Basic Concepts of Intercultural Communication:

Paradigms, Principles, & Practice

Milton J. Bennett, Ph.D.

Chapter Outline

PART I: Contemporary Text

1) Framing Intercultural Communication

  1. a)  Introduction
    1. i)  Why Intercultural Communication Matters
    2. ii)  Overview and relationship to Basic Concepts of Intercultural Communication:Selected Readings
  2. b)  Definitions & Scope

i) Objective and Subjective culture ii) Terminology
iii) Levels of analysis
iv) Levels of abstraction

c) Conceptual Focus
i) Constructivist communication ii) Embodiedexperience

2) A Paradigmatic History

  1. a)  Positivism and the Hierarchy of Civilization
    1. i)  Newtonian paradigm (1) Newton’s physics (2) Comte’s positivism (3) Social Darwinism
    2. ii)  Implications of positivism for intercultural theory (1) Culture is epiphenomenal
      (2) Culture is reified
      (3) Culture is personalized
    3. iii)  Implications of positivism for intercultural practice (1) Area studies
      (2) Do’s & don’ts
      (3) Behaviorist learning
  2. b)  Relativism and Cultural Systems
    1. i)  Einsteinian paradigm(1) Systems theory(2) Post-modernism
    2. ii)  Implications of relativism for intercultural theory(1) Cultural relativity
      (2) Linguistic relativism
      (3) The “silent language” of intercultural communication
    3. iii)  Implications of relativism for intercultural practice (1) Creating awareness of perspective
      (2) Paradigmatic confusion

c) Constructivism and Intercultural Adaptation

  1. i)  Quantum paradigm(1) Observer/observed interaction(2) Radical constructivism
  2. ii)  Implications of constructivism for intercultural theory(1) Dynamic worldview(2) Embodiment
  3. iii)  Implications for constructivism for intercultural practice(1) Self-reflexivity
    (2) Intercultural empathy
  1. 3)  Cultural Context and Interaction
    1. a)  Contextual awareness
      1. i)  Boundary conditions of culture
      2. ii)  Generalizations and stereotypes

      iii) Cultural self-awareness & identity

    2. b)  Interaction analysis
      1. i)  Language use
      2. ii)  Nonverbal communication behavior
      3. iii)  Communication style
      4. iv)  Perceptual/cognitive style
      5. v)  Cultural assumptions and values
  2. 4)  Intercultural Adaptation
    1. a)  Developing intercultural sensitivity
      1. i)  The ethnocentric positions(1) Denial
        (2) Defense
        (3) Minimization
      2. ii)  Theethnorelativepositions (1) Acceptance
        (2) Adaptation
        (3) Integration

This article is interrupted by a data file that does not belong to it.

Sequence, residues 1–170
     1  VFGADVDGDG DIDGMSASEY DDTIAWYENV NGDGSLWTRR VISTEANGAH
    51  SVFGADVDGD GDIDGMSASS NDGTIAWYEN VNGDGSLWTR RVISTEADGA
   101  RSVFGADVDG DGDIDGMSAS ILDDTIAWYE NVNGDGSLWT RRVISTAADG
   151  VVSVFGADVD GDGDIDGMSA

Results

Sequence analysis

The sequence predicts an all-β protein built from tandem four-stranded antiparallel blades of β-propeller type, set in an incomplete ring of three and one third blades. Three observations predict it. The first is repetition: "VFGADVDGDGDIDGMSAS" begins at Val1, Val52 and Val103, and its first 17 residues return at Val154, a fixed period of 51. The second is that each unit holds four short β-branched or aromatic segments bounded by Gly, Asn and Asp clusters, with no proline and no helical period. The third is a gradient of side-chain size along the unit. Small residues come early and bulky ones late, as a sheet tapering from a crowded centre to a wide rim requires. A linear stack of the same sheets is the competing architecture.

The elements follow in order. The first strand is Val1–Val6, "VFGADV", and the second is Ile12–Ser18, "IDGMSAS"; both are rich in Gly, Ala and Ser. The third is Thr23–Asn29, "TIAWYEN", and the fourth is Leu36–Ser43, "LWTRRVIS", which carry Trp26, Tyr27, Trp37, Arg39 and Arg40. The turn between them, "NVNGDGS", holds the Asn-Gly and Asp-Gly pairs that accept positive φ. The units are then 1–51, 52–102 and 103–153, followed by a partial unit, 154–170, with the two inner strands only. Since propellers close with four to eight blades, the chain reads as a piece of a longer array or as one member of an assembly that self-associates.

2. b)  Resolving developmental issues
      (1) Recognizing simple diversity
      (2) Establishing common humanity
      (3) Generating self-awareness; resolving unity & diversity (4) Moving to contextual ethicality
      (5) Resolving adaptation to difference & authenticity
      (6) Resolving integration of difference & integrity
  3. 5)  Intercultural Practices

a) International/Multicultural Education

  1. i)  The value of intercultural communication in higher education
  2. ii)  Linking intercultural communication to traditional liberal arts education(1) The emphasis on multiple disciplinary perspectives

(2) The emphasis on critical thinking

(3) The emphasis on ethical action

  1. b)  International Exchange and Study Abroad
    1. i)  Turning cross-cultural contact into intercultural learning (1) Strengths and limits of contact
      (2) Intercultural learning
    2. ii)  Measuring intercultural learning
    3. iii)  Intercultural education(1) Resolving Denial and Defense in pre-departure programs (2) Moving beyond Minimization in study abroad
      (3) Fostering Acceptance and Adaptation on-site
      (4) Using re-entry programming to establish Integration
  2. c)  Global business management/leadership
    1. i)  The intercultural mindset(1) Investing in intercultural communication(2) Everywhere is Rome
    2. ii)  Theinterculturalskillset(1) Focus on worldview experience
      (2) Using cultural generalizations, avoiding cultural stereotypes (3) Leveraging learning with culture-general frameworks
      (4) Creating strategies for mutual adaptation
    3. iii)  Developing intercultural sensitivity (1) The disinterest of Denial
      (2) The destructiveness of Defense (3) The small world of Minimization (4) Self-referential Acceptance(5) Perspective-taking in Adaptation(6) Creative Integration
    4. iv)  Conclusion

PART II: Classic Readings

  1. Whorf, Science & Linguistics (10pp)
  2. Hall, Hidden Differences (14pp)
  3. Singer, Perceptual Approach (12pp)
  4. Stewart, Cultural Values (15pp)
  5. Barnlund, Global Village (16pp)
  6. Barna, Stumbling Blocks (16pp)
  7. Bennett, Empathy/Sympathy (23pp)
  8. Adler, Cultural Identity (20pp)

Basic Concepts of Intercultural Communication:

Paradigms, Principles, & Practice
Chapter Outline


Milton J. Bennett, Ph.D.